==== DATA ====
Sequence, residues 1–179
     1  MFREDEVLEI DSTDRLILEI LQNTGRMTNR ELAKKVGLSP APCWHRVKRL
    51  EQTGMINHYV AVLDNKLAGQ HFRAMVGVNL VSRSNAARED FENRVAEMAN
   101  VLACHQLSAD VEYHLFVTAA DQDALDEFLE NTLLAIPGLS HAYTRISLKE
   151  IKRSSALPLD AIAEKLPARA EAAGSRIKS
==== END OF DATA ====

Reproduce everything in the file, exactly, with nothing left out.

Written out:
Sequence, residues 1–179
     1  MFREDEVLEI DSTDRLILEI LQNTGRMTNR ELAKKVGLSP APCWHRVKRL
    51  EQTGMINHYV AVLDNKLAGQ HFRAMVGVNL VSRSNAARED FENRVAEMAN
   101  VLACHQLSAD VEYHLFVTAA DQDALDEFLE NTLLAIPGLS HAYTRISLKE
   151  IKRSSALPLD AIAEKLPARA EAAGSRIKS